YORK companies Re:Verse Theatre and Wildgoose Theatre delve into Yorkshire Scandals, a double bill of one-act domestic dramas ripped from local headlines that explore class, control and the importance of the news at Friargate Theatre, York, from tonight to Sunday.

Directed by Re:Verse Theatre's American director, Ben Prusiner, A Yorkshire Tragedy is a Jacobean domestic tragedy originally assigned to William Shakespeare, but the cause of hot debate for centuries as to whether Shakespeare or, more likely, Thomas Middleton wrote it. Beyond this authorship dispute, it is most definitely a verse re-telling of the true 1605 crime scandal of the murderous gambler Walter Calverley, of Calverley Hall, near Leeds, who was put on trial in York.

Newly commissioned from Bill Hodson by Wildgoose Theatre director Andy Love, The Taskers' Trials is based on an amalgam of current news stories and depicts the Yorkshire family of the Taskers, who are struggling to keep their heads above water in the aftermath of a devastating accident. Joy-racing in an uninsured car, their eldest son runs over a young woman, leaving her in a coma. What can they do to keep their family from falling apart?

Both productions feature the same cast of Mark France, Anna Rose James, Annabel Lee, Jai Rowley, Josh Dowden, Emily Thane and Claire Morley; puppetry by Rachel Price inspired by the classical Japanese style, with puppet designs by Laura Elizabeth Rice; set design by Maggie Smales; costumes by Jenny Anderton and fight direction by Neil Tattersall.

Whether A Yorkshire Tragedy is the work of Shakespeare or Middleton – "it does feel more like Middleton in its writing style," says Prusiner – it is "just very well written", he argues. "Middleton is the writer with the closest skills to Shakespeare's, and the way the language moves is almost hypnotic and has a stream of consciousness that is kind of unique!

"More and more as we rehearse it, what strikes you us how well it works. There are some cases where we've tried to make the characters more complex than they're written and we play the scene against the way it's written, when it feels so fast getting to the next piece of action, but the play does have psychological truths, and though the characters can seem extreme and controversial, it is the way that people do respond, so I hope the audiences will comment on that, as it does say something provocative."

Even at a running time of 45 minutes, A Yorkshire Tragedy is "a very heavy play, though it can be done quite comically," suggests Prusiner. "However, I've made the choice, and the company has embraced that choice, to take it very seriously, to take it to darker places and discover truths.

York Press:

Jai Rowley, left, Annabel Lee, Josh Dowden, Anna Rose James and Emily Thane, lying on the floor, rehearsing The Taskers' Trials. Picture: Michael J Oakes

"I didn't want to be dismissive and play it as a black comedy, which would have been a valid response, but not this time. But how will the audience react from show to show? Will it get more humorous or will it get darker. I'm curious to find out as I've never seen this play performed."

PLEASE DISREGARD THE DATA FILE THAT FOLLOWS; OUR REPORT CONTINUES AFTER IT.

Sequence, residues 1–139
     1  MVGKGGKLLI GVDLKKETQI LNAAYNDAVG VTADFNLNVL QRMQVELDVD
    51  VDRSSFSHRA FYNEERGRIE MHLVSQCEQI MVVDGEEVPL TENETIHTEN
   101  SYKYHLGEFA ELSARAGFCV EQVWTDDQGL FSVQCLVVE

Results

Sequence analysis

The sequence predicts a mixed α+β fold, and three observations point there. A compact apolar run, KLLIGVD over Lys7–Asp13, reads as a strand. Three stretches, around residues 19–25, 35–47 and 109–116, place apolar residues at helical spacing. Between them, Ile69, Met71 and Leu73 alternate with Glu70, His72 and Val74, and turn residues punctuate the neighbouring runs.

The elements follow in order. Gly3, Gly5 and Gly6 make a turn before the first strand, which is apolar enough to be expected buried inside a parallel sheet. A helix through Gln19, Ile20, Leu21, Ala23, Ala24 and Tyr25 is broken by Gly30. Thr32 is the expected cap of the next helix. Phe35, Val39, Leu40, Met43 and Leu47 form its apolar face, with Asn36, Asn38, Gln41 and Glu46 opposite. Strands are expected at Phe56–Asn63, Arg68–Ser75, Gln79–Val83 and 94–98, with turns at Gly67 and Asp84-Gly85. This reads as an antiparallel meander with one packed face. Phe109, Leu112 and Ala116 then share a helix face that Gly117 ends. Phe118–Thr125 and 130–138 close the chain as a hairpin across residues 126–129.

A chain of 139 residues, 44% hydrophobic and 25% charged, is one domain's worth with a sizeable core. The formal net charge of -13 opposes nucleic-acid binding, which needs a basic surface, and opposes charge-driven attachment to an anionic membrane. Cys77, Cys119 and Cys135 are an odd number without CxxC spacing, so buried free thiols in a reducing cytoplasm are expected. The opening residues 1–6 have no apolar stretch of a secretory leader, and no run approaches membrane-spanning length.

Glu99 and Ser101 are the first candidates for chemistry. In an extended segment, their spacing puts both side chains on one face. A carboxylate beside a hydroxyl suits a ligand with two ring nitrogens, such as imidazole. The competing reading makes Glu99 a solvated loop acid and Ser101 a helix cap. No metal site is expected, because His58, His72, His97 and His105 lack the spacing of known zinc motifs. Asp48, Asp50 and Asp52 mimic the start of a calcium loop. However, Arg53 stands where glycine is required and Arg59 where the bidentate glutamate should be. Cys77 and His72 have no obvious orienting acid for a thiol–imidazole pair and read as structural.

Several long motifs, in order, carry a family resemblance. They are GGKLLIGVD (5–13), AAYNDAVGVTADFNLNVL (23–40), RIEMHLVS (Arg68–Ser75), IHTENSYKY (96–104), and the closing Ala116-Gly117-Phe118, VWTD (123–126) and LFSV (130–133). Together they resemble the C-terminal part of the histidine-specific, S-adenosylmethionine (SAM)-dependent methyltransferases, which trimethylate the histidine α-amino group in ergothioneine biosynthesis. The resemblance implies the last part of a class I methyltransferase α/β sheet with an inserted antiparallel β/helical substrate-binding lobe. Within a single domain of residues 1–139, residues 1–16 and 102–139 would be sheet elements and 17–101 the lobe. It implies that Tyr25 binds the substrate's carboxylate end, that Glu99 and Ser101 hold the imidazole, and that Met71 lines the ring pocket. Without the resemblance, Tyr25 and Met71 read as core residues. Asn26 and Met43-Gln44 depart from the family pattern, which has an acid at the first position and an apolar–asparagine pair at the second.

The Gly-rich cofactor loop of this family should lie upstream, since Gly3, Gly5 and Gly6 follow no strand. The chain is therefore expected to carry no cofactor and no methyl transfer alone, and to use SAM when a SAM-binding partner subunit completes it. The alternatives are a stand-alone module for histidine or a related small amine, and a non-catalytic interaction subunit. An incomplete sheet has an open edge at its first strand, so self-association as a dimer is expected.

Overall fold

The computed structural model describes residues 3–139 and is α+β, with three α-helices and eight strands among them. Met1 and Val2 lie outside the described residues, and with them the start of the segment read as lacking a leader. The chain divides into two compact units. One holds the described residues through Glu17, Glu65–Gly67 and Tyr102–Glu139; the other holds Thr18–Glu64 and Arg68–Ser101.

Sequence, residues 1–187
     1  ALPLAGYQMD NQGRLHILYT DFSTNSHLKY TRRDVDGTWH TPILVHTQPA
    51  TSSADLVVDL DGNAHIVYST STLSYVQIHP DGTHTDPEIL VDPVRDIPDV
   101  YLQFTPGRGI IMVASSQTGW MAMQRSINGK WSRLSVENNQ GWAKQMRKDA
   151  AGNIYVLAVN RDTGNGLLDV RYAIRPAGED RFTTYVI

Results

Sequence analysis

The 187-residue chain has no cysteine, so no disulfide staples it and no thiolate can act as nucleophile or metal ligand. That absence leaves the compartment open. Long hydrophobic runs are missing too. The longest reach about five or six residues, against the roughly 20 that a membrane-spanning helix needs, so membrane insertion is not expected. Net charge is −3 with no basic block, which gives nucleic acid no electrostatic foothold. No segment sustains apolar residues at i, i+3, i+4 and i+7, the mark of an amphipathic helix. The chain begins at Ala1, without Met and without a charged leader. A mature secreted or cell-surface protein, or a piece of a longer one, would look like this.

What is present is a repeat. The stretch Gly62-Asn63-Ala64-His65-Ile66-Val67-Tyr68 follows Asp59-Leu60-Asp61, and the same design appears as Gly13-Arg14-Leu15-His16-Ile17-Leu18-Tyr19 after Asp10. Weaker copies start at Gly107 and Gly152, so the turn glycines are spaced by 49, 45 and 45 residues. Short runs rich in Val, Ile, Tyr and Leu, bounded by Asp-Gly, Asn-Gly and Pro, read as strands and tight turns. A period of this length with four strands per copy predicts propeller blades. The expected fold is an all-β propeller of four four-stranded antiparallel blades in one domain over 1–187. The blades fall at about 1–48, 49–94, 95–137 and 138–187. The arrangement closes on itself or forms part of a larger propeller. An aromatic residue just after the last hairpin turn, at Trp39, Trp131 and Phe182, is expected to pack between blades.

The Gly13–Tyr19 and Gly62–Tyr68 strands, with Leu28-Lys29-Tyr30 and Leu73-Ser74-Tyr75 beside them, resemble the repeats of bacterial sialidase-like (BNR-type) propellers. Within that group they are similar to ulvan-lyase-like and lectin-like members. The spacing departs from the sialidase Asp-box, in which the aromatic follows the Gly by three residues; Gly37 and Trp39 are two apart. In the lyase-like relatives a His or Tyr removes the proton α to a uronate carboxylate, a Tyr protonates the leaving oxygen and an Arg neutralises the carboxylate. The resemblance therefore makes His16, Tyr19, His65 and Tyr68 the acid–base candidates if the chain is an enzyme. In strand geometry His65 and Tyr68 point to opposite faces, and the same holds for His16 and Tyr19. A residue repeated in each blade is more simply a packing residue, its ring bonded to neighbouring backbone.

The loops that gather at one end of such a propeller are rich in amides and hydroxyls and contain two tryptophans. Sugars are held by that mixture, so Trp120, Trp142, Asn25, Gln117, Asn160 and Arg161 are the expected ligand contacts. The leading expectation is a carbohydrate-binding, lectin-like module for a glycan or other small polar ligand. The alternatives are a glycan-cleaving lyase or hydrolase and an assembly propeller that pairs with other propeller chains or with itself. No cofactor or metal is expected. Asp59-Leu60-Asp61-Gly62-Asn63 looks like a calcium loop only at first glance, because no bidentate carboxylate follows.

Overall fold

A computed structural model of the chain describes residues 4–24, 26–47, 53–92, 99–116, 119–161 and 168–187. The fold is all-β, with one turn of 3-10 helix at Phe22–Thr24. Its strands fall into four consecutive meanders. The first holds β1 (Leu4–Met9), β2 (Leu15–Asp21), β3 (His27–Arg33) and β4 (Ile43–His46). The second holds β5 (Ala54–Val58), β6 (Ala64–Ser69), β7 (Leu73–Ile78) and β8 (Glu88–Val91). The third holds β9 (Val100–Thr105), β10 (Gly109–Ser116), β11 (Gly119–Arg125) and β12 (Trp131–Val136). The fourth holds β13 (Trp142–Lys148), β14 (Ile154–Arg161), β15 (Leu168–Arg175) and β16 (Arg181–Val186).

The original idea behind The Taskers’ Trials was to devise a story based on real, contemporary events, but with a comic tone, to act as a counter-balance to A Yorkshire Tragedy, but Bill Hodson soon changed tack. "When I put the words ‘Yorkshire family’ into the search engines of regional newspapers, it quickly became apparent that there wasn’t much hilarity to be found," he says.

"A consistent picture emerged of families in poverty, facing financial hardship and homelessness, battling the impact of crime, and suffering the effects of long-term illness. Not exactly the stuff of comedy. In the end, the subject matter determined the tone of the play, although there are still some comic incidents. Life is never all doom and gloom."

Hodson took four recent, news stories and brought them together in one fictional family, the Taskers. "As in A Yorkshire Tragedy, we meet a family with three children struggling to make ends meet and driven to take extreme actions," he says. "However, the Taskers are from a very different social class and the root of their problems is a tragic accident that knocks them off course. They have no easy choices. Unable to pay their way, each one decides to do something to improve their chances for the future."

Most of these choices are misguided and dangerous. "But I don’t intend them to be a convenient vehicle to enable the rest of us to feel morally superior," says Hodson. "The Taskers are not a stereotype of some kind of excluded under-class, although it often feels that way to them. They are, at heart, ordinary people who are trying to cope with extraordinary circumstances. In that sense, they challenge us to consider – what would we do in their place?

"And they are active. They do not allow themselves to be the passive victims of their fate. Even though many of the things they do are wrong, we can see why they have decided to fight their way out of poverty in any way they can. Above all they want to stay together as a family and to have control over their lives. That’s something all of us can relate to."

Re:Verse Theatre and Wildgoose Theatre present Yorkshire Scandals at Friargate Theatre, York, at 7.30pm tonight to Saturday and at 3pm, Saturday and Sunday. Box office: 01904 613000 or at ridinglights.org/friargate/. Suitable for age 14 upwards.

Did you know?

Ben Prusiner will direct The Harrowing Of Hell for the York Mystery Plays Supporters Trust in the Waggon Plays staging of The York Mystery Plays on September 9, 12 and 16 on the streets of York.